Psalm 102:18b - "That a people yet to be created." - Those not born yet need to know of God's promises.  My grandchildren and great-grandchildren need to know of God's promises.  How will they know?

TELL them.

When my sons get older, I will tell them of how God provided during our adoption process.  I will tell them how daddy lost his job - our only way to pay for the adoption - the very same day of our first home study meeting.  I will tell them that God provided each step of the way. 

While they are little, we tell them how God is faithful.  I will tell them my prayers so that later I can tell them how God answered them.  I will tell them that I pray for them to know God.  So that when they finally accept Him as their Savior - they can see how my prayers were answered.

So we TELL, our CHILDREN - but WHY?

Psalm 102:18 - "May praise the LORD."  

I will tell them because God deserves the praise.  He is all glorious.  He is all powerful.  He is kind. He is just.  He is good.  He is worthy of our praise.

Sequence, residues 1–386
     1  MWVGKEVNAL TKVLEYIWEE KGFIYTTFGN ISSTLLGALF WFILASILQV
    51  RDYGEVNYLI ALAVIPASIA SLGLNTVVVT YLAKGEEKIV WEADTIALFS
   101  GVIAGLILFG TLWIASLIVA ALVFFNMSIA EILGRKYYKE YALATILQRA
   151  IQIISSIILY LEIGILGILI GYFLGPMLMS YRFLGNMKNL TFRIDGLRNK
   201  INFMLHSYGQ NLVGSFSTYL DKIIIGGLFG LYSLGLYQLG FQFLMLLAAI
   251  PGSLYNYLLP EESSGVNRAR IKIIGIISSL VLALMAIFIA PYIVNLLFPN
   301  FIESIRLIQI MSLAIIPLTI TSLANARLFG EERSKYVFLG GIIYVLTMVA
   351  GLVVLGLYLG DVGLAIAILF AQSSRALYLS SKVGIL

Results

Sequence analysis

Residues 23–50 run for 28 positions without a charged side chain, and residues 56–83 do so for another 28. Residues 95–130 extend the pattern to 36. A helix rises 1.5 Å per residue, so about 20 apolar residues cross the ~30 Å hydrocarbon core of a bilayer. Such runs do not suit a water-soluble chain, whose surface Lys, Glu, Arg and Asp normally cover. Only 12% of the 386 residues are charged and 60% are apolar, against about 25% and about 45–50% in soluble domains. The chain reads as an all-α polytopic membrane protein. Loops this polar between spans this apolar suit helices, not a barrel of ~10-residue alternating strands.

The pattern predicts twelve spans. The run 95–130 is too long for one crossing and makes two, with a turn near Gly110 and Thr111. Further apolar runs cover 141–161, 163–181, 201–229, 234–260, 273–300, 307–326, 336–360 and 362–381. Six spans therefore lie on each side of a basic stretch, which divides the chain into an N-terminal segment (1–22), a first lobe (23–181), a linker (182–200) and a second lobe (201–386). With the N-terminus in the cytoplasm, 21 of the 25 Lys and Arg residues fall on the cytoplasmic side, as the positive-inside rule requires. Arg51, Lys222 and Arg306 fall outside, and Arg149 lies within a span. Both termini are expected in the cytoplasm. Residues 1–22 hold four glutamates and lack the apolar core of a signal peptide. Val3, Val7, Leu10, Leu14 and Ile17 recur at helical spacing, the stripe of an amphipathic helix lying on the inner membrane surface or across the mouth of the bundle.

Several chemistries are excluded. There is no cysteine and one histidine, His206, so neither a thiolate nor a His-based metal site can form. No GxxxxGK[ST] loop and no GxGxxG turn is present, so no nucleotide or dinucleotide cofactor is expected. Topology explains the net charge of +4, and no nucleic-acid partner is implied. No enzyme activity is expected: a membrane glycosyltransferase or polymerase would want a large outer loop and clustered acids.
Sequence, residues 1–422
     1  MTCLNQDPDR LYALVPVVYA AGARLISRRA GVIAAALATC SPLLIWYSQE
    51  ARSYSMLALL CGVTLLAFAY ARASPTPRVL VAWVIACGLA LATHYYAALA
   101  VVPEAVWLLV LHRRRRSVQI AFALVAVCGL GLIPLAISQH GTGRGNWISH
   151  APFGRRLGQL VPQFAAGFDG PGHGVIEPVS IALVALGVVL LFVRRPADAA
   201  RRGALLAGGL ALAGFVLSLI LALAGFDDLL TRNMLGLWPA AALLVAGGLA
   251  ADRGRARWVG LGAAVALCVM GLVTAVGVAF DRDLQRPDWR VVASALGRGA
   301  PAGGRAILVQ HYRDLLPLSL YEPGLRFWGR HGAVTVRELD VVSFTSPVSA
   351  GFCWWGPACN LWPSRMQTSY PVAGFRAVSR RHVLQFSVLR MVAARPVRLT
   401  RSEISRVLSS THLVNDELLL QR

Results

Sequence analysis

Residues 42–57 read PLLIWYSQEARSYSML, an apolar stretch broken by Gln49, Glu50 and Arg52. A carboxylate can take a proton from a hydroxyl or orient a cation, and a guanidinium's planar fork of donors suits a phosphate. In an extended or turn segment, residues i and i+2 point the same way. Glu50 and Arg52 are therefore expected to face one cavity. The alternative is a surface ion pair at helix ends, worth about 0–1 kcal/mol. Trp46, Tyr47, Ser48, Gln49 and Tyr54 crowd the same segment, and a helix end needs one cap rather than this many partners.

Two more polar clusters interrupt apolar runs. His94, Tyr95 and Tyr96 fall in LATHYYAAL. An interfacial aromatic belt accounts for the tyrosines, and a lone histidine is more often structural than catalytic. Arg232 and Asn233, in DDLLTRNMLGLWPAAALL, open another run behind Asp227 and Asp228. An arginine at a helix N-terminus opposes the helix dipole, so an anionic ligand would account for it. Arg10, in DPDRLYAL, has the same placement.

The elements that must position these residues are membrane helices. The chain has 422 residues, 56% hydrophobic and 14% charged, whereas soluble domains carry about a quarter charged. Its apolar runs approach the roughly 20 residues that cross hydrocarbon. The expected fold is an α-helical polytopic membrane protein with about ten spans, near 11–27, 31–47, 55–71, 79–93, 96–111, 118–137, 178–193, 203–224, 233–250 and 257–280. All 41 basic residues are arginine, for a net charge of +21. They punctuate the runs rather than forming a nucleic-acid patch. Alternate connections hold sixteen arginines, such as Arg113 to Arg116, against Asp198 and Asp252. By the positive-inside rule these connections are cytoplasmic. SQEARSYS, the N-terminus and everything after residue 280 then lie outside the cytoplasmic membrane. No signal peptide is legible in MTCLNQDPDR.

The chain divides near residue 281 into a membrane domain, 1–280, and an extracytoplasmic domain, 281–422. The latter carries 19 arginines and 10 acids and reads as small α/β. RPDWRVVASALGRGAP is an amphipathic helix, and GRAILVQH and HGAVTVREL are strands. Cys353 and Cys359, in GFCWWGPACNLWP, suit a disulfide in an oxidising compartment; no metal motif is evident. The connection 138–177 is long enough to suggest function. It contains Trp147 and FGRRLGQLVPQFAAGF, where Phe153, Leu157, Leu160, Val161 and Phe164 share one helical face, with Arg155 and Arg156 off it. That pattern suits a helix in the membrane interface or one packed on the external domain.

But I must be honest! (We are sharing "Honest Moments.")  

I don't alway do this.  I actually miss so many opportunities I lose track. I get caught up in the here-and-now.  I focus on fixing dinner and folding clothes. My heart forgets to see the eternal perspective.  Am I teaching my children about eternity perspectives - or just earthly pleasures?

To answer, I look at my own heart.  I see that I need to rest more in Christ's grace.  Trust God with the present and future.  As my heart learns to trust and rest more, my heart can teach my children to trust and rest as well.

I could fold laundry, telling them to be thankful for God's gifts to our family - how He always provides.
I could read stories that show God's faithfulness in keeping His promises.
I could sing songs that tell them "God makes messy things beautiful."

All of these little moments of telling them reminds me (and them) to rest in God's eternity. 

Linking up with:



Friday Favorites - Pete the Cat

Have you seen these cute kid's books? 

With silly illustrations, clever rhymes, and a good message - the books are great for kids ages 2-12!

Our very first Pete the Cat book was:

In this book, Pete walks through life with his favorite white shoes.  He is just singing along, until - UH OH! He steps in....well, you will just have to find out what Pete steps in!  In the end, Pete learns a valuable lesson about no matter what happens in life, to just keep walking.  This book is great for color practice as well.